Many drivers who have been driving for several years were taught to hold on to the steering wheel at 10 and 2.

This has changed.  The National Highway Traffic Safety Administration (NHTSA) now recommends holding on to the wheel at 9 and 3.

Steering Wheel Hand Placement

Think of the steering wheel as a clock face. Proper placement of the driver’s hands on the steering wheel places them at 9 and 3 o’clock. When the steering wheel is also properly adjusted, the hands should be evenly across from the shoulders. This is variable based on the height of the driver.

This might feel a little uncomfortable for those who learned the 10 and 2 rule, but the 9 and 3 rule is much safer.

Safety in Mind

Technology and safety procedures are always changing and being updated. Hand placement on the steering wheel is one of those things that need to be paid attention to.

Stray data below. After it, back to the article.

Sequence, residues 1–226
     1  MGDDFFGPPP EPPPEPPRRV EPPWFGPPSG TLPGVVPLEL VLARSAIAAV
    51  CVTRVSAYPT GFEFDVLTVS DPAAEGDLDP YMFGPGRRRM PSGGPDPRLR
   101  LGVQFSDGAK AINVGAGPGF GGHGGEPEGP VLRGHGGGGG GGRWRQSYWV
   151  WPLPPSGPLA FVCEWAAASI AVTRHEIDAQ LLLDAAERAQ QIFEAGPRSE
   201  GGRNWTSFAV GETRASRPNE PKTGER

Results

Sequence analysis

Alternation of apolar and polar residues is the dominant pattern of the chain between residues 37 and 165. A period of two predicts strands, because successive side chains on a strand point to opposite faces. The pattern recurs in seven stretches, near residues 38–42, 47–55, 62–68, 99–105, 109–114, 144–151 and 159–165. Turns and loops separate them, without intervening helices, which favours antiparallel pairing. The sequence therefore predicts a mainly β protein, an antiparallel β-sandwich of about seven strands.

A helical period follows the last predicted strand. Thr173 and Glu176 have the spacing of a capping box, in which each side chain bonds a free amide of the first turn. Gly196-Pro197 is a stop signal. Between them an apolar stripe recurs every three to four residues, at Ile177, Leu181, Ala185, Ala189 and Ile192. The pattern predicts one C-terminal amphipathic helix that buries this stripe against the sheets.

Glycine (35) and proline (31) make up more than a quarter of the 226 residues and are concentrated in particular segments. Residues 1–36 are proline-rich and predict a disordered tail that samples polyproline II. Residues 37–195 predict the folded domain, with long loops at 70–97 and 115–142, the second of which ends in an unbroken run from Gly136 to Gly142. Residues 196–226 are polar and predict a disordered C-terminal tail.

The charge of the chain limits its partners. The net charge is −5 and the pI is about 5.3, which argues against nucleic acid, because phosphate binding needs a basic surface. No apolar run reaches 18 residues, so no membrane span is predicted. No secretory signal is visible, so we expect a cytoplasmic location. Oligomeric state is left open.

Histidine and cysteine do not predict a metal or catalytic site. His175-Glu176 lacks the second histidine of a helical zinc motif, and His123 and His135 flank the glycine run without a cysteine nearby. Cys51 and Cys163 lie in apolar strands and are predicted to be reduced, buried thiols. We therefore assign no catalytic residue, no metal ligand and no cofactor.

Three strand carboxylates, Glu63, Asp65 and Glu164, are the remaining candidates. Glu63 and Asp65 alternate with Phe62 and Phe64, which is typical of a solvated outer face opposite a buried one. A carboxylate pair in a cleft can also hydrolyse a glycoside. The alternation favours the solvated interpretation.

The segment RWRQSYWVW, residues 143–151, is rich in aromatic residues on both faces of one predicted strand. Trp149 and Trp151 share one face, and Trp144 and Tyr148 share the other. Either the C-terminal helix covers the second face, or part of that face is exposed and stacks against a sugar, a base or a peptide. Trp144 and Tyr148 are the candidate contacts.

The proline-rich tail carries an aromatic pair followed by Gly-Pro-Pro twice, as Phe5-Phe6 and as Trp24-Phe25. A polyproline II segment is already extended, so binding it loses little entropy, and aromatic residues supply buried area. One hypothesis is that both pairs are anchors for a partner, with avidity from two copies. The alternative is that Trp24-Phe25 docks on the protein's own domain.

Placing the driver’s hands at 9 and 3 protects the driver in the event of airbag deployment. Using the 10 and 2 position puts the driver’s arms in the way should the airbag deploy in a frontal crash.

Using the Steering Wheel Safely

Some steering practices are safer than others. The first rule is to keep both hands on the steering wheel at all times.

Push – Pull

When turning the wheel under normal driving conditions, the push – pull method is recommended. Keep the left hand between 8 and 10 o’clock and the right hand between 2 and 4 o’clock while turning. “Push” the wheel up in the direction of the turn and “pull” down with the hand on the side of the turn. This procedure keeps both hands on the wheel in a safe location in the event of a crash and prevents the wheel from slipping.

Hand Over Hand

There are times when the hand over hand method is useful. This is best used when turn at low speeds such as at intersections or when parking.

One Hand When Backing

One handed turning might be needed when backing. A driver should actually look behind the vehicle when backing and not being dependent on cameras. This requires placing one arm behind the passenger seat while looking back.

Whatever method is used, it is important to place the hands back on the steering wheel in the 9 and 3 position as soon as possible after the turn is completed.

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